Flash Nonfiction
February 28, 2011 |  by Gadi Dechter

Cari Lynn, A&S ’97 (MA)

Cari Lynn, A&S '97 (MA) Photo: Iris Schneider

Cari Lynn, A&S '97 (MA) Photo: Iris Schneider

It took human trafficking watchdog Kathy Bolkovac eight years to transform her 2002 courtroom victory against a U.S. military contractor into a major motion picture starring Rachel Weisz and Vanessa Redgrave. It took Cari Lynn only six weeks to turn Bolkovac’s tale into a book.

The Whistleblower tells the story of a Nebraska cop, Bolkovac, who traveled to war-torn Bosnia to work as a peacekeeper only to discover that some of her colleagues were involved in the sex trade of young women. She complained, was fired, and then sued the firm, DynCorp International, for violating a U.K. whistle-blowing law. The book was released by Palgrave Macmillan in January; the film will follow this summer.

For Lynn—a Writing Seminars graduate who has penned books about an orphan-rescuing doctor, an animal massage therapist, and female commodities traders—the Bolkovac assignment was the latest in a line of deep dives into extraordinary human narratives that have kept her busy since graduating from Johns Hopkins University in 1997. “I’m drawn to stories about worlds I know nothing about,” Lynn says, speaking by phone from Los Angeles on the day the Hollywood trade papers announced that movie distributors around the world had bought rights to screen the film. “What’s thrilling to me is getting entrenched in a topic, in a world that you either hadn’t known existed or hadn’t paid much thought to, and then discovering this whole other realm.”

Whereas Lynn’s other books involved years or months of immersion in those different worlds, the 240-page Whistleblower came together fast—and over Skype. The screenplay had been circulating for several years when the film’s producers encouraged Bolkovac to write a book that would explore her story in greater detail. The producers put her in touch with Lynn, and the two began writing. When, shortly thereafter, the film began shooting in Romania, the book’s publishers, who wanted to coordinate the book release with the film, gave the pair six weeks to finish the project. “I just holed myself up and wrote until it felt like my fingers were going to fall off,” she says. “Then I would get up and do it again the next morning. It was really intense. I even finished with a couple of days to spare.”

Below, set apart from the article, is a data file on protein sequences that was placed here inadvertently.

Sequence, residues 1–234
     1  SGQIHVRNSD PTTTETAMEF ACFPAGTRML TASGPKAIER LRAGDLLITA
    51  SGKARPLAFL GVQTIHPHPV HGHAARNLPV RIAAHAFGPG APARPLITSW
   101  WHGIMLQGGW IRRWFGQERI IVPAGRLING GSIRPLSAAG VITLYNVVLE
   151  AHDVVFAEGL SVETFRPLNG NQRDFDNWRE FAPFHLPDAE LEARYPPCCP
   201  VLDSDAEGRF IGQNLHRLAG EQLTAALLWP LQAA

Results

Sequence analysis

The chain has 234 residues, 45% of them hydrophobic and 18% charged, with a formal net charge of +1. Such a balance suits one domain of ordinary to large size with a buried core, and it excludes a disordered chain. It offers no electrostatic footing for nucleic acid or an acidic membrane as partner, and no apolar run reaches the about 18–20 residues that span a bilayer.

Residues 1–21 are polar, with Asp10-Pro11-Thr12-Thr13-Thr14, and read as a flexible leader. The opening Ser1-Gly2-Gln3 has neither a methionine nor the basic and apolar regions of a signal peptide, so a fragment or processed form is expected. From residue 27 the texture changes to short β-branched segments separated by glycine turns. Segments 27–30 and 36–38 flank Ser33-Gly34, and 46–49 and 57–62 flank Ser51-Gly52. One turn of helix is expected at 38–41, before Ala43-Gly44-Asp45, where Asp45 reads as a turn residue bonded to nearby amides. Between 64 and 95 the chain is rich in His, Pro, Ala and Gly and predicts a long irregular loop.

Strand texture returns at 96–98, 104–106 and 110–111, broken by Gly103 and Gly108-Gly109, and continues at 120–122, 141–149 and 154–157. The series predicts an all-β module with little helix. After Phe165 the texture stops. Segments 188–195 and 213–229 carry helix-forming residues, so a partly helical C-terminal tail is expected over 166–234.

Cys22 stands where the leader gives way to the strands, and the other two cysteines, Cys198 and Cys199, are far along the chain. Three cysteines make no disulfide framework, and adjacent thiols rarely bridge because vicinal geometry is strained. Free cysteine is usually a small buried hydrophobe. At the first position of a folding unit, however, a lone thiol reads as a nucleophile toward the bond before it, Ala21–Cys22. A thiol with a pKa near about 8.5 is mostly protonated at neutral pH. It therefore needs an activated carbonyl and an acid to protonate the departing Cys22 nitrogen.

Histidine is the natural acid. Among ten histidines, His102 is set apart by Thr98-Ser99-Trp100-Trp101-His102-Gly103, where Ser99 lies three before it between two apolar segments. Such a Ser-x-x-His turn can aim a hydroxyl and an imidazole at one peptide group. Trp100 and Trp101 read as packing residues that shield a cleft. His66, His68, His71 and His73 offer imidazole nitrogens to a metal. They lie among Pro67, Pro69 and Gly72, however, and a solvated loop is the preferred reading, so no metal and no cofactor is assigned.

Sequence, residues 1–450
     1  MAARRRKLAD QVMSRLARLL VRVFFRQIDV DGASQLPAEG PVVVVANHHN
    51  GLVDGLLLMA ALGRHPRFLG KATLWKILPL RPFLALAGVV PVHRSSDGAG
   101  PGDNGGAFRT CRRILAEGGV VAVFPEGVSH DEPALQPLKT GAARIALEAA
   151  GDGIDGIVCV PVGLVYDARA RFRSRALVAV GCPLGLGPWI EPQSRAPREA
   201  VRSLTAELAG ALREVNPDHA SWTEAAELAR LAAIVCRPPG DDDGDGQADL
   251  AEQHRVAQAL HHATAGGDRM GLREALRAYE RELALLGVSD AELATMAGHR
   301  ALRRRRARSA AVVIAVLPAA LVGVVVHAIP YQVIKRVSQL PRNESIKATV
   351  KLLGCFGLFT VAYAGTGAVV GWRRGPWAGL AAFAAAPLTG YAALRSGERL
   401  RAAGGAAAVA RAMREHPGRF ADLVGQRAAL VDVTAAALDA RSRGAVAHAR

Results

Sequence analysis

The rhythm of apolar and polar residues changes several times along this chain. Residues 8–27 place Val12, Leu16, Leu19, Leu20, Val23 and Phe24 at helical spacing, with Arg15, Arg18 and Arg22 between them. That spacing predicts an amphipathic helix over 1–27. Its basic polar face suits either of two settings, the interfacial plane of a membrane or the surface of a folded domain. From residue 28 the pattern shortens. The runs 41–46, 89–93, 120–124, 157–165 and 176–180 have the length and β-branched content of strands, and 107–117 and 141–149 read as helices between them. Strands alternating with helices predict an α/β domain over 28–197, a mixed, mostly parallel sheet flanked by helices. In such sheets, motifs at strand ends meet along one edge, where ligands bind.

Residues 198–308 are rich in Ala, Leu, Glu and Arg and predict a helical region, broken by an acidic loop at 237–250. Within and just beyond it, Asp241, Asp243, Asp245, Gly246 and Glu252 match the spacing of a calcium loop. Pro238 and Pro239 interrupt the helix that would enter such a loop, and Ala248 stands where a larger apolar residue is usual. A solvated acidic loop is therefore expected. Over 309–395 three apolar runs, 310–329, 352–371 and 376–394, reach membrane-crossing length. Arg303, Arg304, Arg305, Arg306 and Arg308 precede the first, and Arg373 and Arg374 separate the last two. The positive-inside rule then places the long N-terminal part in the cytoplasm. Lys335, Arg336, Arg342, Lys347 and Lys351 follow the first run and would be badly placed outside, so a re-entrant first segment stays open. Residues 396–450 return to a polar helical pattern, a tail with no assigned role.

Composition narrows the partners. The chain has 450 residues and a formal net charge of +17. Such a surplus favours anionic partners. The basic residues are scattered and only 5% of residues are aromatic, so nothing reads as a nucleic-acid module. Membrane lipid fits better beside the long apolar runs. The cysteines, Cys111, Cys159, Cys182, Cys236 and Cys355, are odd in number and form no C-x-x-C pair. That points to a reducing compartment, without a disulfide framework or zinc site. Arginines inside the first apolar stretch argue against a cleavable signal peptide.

Lynn’s primary source material was a journal Bolkovac wrote during her Bosnian ordeal. The challenge was extracting a human narrative out of a text that, Lynn says, “read like a police report.” She wrote the book in first person, so she had to embody Bolkovac’s no-nonsense cop personality. “I was always asking her how she felt about certain situations, and feelings weren’t necessarily an angle that seemed relevant to her,” Lynn says. “Likewise, when I would attempt to put in ‘cop-talk,’ like when Kathy is radioing a colleague, my dialogue would sound really corny to her. We had to find a happy medium between descriptive narrative and ‘just the facts.’”

These days, Lynn is focused on writing her own stories. When her 2004 undercover memoir, Leg the Spread: A Woman’s Adventures Inside the Trillion-Dollar Boys’ Club of Commodities Trading, was optioned by a major studio, Lynn began to explore screenwriting. That story, which describes Lynn’s immersion in the male-dominated trading pits of the Chicago Mercantile Exchange, is still awaiting its Hollywood treatment. Meanwhile, the Windy City native is happily transplanted to the warmer climes of Los Angeles, developing television and film projects with her writing partner, Kellie Martin, the former ER and Life Goes On actress.

She’s now working on her next project, another memoir, the coming-of-age story of a celebrity makeup artist. “I’m looking forward to doing something lighter,” Lynn says. “My research will shift from poring over State Department reports to refreshing my memory of late-1970s pop culture.”